Meanwhile, on the internet:
- Here’s a double feature about Millennials getting older and having feelings about it on the internet: Growing Old Online via Wired and Are You Sure You’re Not Guilty of the ‘Millennial Pause’? via The Atlantic. I think the Wired article is the more insightful of the two, but I thought it was interesting that multiple outlets are talking about this right now. Millennial mid-life crisis discourse is imminent!
- Mortgage rates rise about 7 percent as Fed scrambles to slow economy via The Washington Post (the link is a gifted article and should allow you to read it even without a subscription). SEVEN PERCENT is completely bananas. We bought our house originally at four-something and refinanced last year to two-something. When are we going to start the next recession?
- The Instagram capital of the world is a terrible place to be via Vox. This resonated with me probably because I was just traveling and watching people try to get perfect photos in places like the rainbow street in Reykjavík. I obviously enjoy taking photos of my travels but this article makes the sort-of obvious argument that traveling based on seeing pretty pictures online feels empty.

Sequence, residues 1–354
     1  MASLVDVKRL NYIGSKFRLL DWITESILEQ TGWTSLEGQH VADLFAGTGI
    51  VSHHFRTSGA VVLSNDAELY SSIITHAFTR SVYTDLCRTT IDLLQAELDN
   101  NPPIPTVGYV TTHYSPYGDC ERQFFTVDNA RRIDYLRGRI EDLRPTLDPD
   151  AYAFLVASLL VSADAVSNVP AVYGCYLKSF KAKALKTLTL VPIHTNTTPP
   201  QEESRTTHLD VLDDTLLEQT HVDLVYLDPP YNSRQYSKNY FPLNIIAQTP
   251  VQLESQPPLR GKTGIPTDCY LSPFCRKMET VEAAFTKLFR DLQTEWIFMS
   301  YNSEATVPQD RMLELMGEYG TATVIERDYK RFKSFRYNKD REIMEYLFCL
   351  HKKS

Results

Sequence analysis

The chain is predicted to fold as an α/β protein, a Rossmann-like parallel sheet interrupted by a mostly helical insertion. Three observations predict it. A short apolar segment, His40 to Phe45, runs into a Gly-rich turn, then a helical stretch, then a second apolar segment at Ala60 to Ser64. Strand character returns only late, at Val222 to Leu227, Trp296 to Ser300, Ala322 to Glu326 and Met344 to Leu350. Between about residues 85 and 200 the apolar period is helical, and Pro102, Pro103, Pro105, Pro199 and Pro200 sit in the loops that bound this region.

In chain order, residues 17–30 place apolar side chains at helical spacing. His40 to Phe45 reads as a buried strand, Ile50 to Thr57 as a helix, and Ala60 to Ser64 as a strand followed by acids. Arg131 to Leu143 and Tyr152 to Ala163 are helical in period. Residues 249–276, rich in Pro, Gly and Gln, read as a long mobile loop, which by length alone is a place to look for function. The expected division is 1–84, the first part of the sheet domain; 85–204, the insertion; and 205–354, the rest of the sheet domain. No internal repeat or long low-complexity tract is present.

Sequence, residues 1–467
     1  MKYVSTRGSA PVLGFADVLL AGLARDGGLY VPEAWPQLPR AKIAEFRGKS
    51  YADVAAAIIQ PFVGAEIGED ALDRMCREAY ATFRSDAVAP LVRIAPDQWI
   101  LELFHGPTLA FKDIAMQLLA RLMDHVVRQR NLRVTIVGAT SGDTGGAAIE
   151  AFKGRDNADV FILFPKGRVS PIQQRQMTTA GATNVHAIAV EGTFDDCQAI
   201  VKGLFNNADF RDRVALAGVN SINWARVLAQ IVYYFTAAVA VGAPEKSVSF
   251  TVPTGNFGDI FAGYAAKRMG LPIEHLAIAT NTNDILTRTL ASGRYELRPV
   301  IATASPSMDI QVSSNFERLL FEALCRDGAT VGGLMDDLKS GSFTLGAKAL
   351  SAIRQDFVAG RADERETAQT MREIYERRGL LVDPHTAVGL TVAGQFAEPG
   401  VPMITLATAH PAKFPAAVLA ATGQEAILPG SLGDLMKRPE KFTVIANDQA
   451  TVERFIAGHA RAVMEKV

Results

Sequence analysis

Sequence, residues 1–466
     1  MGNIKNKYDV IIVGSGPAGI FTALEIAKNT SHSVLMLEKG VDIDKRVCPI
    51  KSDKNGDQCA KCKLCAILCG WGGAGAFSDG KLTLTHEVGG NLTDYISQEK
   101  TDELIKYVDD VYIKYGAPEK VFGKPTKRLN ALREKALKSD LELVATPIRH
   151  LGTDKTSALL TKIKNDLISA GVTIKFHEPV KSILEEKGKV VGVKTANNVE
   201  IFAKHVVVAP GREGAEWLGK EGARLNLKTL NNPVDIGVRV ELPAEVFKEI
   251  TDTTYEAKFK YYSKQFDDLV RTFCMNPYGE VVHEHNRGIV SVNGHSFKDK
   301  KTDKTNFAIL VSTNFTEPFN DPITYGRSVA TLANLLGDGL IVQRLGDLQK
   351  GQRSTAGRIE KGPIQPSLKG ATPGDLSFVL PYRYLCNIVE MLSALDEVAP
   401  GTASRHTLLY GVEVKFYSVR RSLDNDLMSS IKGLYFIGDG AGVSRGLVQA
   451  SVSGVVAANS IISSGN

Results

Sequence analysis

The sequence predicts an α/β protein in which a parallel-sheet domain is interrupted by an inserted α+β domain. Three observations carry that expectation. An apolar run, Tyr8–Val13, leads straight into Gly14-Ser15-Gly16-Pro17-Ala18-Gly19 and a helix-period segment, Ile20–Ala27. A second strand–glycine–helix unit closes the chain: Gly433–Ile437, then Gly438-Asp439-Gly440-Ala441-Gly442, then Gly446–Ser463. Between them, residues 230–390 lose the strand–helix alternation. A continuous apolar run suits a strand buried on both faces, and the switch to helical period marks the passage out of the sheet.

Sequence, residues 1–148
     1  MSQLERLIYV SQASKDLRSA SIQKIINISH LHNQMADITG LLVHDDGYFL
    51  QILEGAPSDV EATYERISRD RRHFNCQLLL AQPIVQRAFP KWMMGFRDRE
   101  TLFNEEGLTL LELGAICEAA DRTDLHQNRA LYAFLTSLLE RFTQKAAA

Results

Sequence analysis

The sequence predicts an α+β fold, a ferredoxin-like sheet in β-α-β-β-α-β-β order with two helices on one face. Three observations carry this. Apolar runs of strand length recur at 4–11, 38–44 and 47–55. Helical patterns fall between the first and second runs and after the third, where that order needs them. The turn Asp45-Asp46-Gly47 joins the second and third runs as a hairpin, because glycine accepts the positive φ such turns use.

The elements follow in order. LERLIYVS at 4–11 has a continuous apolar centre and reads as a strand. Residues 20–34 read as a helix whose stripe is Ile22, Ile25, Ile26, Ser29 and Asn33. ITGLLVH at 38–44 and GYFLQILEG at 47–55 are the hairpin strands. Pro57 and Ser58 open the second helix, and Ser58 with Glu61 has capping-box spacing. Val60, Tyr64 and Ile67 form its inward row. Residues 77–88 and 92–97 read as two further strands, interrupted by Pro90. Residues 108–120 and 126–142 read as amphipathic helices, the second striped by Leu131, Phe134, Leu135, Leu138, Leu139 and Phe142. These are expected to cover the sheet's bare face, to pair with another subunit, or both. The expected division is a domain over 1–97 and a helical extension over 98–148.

- 11 Moments that Show How ‘Great British Bake Off’ Crumbled via Eater. Although I like the Great British Bake Off, the latest season, in particular, is missing a certain joy. I mean, Mexico week? It was basically a hate crime.
TV and Music
I’ve been rewatching Schitt’s Creek lately because it’s a great show but also because I never watched the last season. Last week though, I’ve been watching too much of it so now I have Moira’s voice in my head narrating things I read.
Last weekend, I took three tote bags full of books to the local used book store to sell, and I got $80 in cash and $80 of store credit, which is a delight. Bringing books to the bookstore just to use the funds to get new books feels like a pyramid scheme somehow but I love it.